After visiting a home she had seen in a movie, Flynn stumbled across a dog in a cage. She quickly asked a child nearby why the animal had no food and why it was locked away on a hot summer day.
“The dog never leaves the cage,” the child said.
Soon after, Flynn made a decision.
Rescuing anywhere from 35-50 dogs from puppy mills a weekend, Flynn has saved over 2,000 dogs since her crusade began over four years ago. She is also the subject of a documentary, “Madonna of the Mills,” which will be screened at the Artivist Film Festival at the Tribeca Theater in New York City on Dec. 9.
“Before this, she was lost in life. She was a college dropout, had marriage problems,” said Andrew Nibley, the film’s writer and director. “This story is about her passion.”
Nibley however, is no slouch in the passion department either.
After his wife and eventual executive producer of the documentary, Kelly Colbert, brought home a cocker spaniel from one of Flynn’s rescue runs, she demanded he take action.
“She told me to make a movie about this,” Nibley, who before that never made a film in his life.
Soon after, a promise was made. Nibley would do whatever he could to change things for these animals and bring this story to light. An Internet CEO at the time, Nibley put his life on hold for a year and a half to finish the project. He also used $35,000 of his own cash to fund the project, what he calls, “a labor of love.”
“Our dog was debarked,” he said. “The people at the puppy mill shoved a pipe down her throat and hit it with a hammer so she couldn’t make any noise. She was only supposed to live a few months after we got her, but that was three and a half years ago. Having her is like taking care of a special needs child. But she is an amazing creature.”
Using his resources from his time in the music industry, a field he was involved in before working in the Internet, Nibley was surprised how much support the project got. Getting recording artists the likes of rock veteran Dave Mason and Moby for the film’s soundtrack and a host of contributors to help shoot and edit the project, Nibley admittedly wasn’t as far over his head as he originally thought he’d be.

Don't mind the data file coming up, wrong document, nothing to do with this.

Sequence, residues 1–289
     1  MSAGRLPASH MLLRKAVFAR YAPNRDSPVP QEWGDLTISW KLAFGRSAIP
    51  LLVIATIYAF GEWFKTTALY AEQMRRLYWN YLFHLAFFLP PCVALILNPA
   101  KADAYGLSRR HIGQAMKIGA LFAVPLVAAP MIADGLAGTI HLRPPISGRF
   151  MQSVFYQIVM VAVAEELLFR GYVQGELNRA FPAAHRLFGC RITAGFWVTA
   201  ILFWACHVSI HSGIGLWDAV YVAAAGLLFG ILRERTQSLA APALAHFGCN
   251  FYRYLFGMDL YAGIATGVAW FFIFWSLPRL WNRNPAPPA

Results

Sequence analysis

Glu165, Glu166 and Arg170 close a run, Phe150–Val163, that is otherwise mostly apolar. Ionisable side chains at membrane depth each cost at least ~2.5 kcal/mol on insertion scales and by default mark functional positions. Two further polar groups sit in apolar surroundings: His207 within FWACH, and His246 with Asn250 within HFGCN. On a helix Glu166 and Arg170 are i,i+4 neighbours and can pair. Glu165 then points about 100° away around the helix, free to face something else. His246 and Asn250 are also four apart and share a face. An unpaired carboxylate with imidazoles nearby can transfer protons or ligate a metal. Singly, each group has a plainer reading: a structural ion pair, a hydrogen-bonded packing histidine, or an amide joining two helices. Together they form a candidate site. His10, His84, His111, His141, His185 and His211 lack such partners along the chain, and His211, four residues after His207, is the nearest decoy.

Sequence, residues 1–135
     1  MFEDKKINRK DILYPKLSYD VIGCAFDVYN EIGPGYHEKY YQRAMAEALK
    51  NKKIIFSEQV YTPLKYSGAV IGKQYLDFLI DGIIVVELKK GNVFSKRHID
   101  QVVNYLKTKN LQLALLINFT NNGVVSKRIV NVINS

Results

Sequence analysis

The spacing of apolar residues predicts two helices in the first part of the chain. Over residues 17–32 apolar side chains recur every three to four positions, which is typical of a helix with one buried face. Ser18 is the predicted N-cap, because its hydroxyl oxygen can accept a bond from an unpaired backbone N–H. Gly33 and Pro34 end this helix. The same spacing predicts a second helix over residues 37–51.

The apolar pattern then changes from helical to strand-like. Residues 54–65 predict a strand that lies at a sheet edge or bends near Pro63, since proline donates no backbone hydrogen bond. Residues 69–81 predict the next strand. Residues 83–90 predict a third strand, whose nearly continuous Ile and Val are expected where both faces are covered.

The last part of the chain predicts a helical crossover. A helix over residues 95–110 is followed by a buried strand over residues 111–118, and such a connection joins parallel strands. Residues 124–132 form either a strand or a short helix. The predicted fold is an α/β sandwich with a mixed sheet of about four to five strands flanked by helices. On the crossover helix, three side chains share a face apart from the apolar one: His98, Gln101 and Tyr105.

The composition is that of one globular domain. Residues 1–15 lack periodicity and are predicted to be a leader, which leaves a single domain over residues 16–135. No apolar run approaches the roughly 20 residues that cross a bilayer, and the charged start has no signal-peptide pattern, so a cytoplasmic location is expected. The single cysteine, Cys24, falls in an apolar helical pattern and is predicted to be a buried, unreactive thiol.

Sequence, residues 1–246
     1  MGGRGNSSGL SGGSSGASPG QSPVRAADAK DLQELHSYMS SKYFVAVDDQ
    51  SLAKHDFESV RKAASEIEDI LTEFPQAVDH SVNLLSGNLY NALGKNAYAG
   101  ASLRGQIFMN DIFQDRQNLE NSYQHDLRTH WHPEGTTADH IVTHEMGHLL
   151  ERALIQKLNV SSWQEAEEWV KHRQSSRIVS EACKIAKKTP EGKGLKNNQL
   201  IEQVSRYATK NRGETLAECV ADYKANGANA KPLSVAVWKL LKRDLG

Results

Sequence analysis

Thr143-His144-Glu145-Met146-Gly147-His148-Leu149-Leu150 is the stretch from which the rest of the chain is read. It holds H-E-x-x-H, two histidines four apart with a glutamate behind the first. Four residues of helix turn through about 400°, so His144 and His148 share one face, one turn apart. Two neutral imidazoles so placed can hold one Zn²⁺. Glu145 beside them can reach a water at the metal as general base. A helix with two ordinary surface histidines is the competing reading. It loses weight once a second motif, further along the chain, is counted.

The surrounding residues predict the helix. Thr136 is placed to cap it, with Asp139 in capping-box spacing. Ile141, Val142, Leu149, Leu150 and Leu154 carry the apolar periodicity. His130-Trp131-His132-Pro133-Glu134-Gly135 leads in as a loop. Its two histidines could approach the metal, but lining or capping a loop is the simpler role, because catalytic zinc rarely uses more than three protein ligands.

“If I was not so in love with my wife, I would have said no,” Nibley joked. “She has this instinct about doing the right thing. Animals are her passion. I was a CEO, but she told me I could make a movie. She appealed to my ego. Luckily, we got some great help from some fantastic people on this project.”
Using digital media tools such as Facebook, the film was able to sell-out its premiere appearance at the Artivist Festival on Dec. 9, but a second showing, the first in the history of the festival, was added on Dec. 10.
After the festival, Nibley plans to distribute the film on DVD with 20 percent of the proceeds going to the American Humane Society.
So in spite of never making a movie before in his life, fueled by his wife’s love and Flynn’s amazing story, Nibley kept his promise.
“This film is proof that ordinary people can do extra ordinary things,” he said.